To view this page ensure that Adobe Flash Player version 11.1.0 or greater is installed.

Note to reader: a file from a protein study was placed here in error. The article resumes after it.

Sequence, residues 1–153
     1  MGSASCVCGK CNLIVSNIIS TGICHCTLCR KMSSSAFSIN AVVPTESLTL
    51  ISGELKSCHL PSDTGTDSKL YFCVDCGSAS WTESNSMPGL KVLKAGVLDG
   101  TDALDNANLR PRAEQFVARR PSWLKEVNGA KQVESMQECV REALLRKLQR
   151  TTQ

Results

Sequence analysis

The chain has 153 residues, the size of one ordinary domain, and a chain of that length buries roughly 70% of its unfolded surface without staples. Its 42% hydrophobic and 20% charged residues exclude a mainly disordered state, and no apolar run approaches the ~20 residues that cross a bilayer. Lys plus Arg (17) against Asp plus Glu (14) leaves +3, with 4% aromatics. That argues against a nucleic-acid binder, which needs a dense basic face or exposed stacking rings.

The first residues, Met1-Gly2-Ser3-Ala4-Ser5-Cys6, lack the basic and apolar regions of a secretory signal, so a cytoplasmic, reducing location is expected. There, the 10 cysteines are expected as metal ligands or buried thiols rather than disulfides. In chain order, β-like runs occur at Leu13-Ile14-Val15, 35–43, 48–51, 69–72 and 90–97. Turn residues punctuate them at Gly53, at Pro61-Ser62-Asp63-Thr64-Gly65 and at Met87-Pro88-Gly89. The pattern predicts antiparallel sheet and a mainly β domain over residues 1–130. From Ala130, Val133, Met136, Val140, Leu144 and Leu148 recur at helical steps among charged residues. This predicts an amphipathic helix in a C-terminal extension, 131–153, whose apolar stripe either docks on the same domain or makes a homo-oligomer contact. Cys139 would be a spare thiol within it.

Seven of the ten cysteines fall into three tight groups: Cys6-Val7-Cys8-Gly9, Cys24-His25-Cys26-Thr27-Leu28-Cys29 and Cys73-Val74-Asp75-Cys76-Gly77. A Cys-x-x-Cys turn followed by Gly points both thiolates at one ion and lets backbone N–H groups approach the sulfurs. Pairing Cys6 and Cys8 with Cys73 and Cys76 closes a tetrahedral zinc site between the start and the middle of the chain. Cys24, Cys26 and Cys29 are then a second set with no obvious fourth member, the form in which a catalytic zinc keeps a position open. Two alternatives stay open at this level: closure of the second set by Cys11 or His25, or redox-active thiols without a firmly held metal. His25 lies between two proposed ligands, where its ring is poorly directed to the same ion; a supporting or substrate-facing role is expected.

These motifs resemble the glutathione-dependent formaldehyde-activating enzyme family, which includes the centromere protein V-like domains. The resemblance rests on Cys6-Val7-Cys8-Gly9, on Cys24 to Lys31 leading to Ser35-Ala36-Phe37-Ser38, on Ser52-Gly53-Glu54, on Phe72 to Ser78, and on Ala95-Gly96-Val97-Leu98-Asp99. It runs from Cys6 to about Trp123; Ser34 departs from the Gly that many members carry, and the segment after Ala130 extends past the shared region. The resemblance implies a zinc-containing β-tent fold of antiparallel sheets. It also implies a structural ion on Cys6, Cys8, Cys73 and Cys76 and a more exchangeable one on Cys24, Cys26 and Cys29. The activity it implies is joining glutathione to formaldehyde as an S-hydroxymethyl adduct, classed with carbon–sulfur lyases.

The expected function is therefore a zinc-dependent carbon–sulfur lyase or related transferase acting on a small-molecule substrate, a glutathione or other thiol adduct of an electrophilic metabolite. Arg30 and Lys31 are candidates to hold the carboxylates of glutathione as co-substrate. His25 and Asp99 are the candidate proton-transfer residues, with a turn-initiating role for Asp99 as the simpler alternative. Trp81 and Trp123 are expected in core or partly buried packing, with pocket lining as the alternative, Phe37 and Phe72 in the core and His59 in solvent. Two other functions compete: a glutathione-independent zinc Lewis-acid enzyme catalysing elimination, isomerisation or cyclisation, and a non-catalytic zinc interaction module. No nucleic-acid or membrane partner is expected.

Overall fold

Shooting the 4K TV look N by Bob Pank ot unexpectedly IBC was full of buzz and products for 4K – the new image format for television. This is generally taken to be a 2x2 version of HDTV’s 1920 x 1080, i.e. defining a 3840 x 2160 pixel picture. But there is nothing new about big pictures like this. Back in late 2004 a draft of the Digital Cinema Initiatives (DCI) Digital Cinema System Specification included the two picture sizes of 2048 x 1080 and 4096 x 2160 pixels – referred to as 2K and 4K. So, give or take a few pixels, 4K sized images are nothing new; it’s just that now we are talking about television rather than cinema where it is already well established. 48 | TV-BAY MAGAZINE: ISSUE 82 OCTOBER 2013 In the years leading up to the DCI Specification there was an ongoing debate about the number of pixels needed to render the full definition of a 35mm film frame. After all, the new medium must be at least as good as the one it replaces. It could be shown that a 4K scan of a 35mm original camera negative frame (a full frame (biggest possible) image being 24.92 x 18.67mm, Cinemascope 21.95 x 18.60mm) looked sharper than a 2K one. But then, after the film had been optically copied via interpositives and internegatives, and then distributed on release prints that went to the cinemas the resolution was generally significantly lower than 2K. So DCI images at 2K showed an immediate improvement in the cinemas and the format was used in virtually all digital cinemas... for a few years. But 4K was not forgotten. Many film movies were scanned at 4K resolution and the format became available on digital cameras. The provision of transport/networks, compression, storage and other technologies continued to develop and 4K looked less and less of a burden. Then it started to be projected in digital cinemas. The result provides a sharper, clearer image for the audience to appreciate on the big screen. Now technology allows 4K, a picture that looks great in cinemas, to be viewed in homes as 4KTV. And yes, you will need a big screen to fully appreciate it! Changing the resolution of the images has knock-on effects. Digital cameras for movies were required to provide the ‘film look’. I’m not sure if this included scratches, dust, weaves and grain but to many it meant being able to use a shallow depth of focus – especially on close-ups. And so it was that ‘film sized’ imagers became de rigueur for digital movie cameras (it also applies to the HDSLR range of cameras that again have sensors at or around the 35mm film size). That, at least, can provide a part of the established ‘film look’ but does it belong in the TV look? No it does not. Such shots may be fine for drama in cinemas, which is mostly what they show, and for drama on TV, but news and, especially sport, as well as other TV genres generally much prefer a deep field of focus. So, for example, most or all of the players on a football pitch can be in focus at the same time – pretty much as it would appear if you were there. In most cases it can be argued that the shallow field of focus is not natural and the deep is more like our normal perception. So far 4K camera technology still seems to be stuck in movie mode while a new breed of 4K cameras for TV needs to be based on the much smaller imaging sensors at around the half-inch diagonal size, as is widely used in TV today. Other knock-on benefits would be a resulting reduction of the size of the camera body and lens assembly, which would be very welcome – especially on location shoots and OBs. Manufacturers have been slow off the mark, promoting superb massive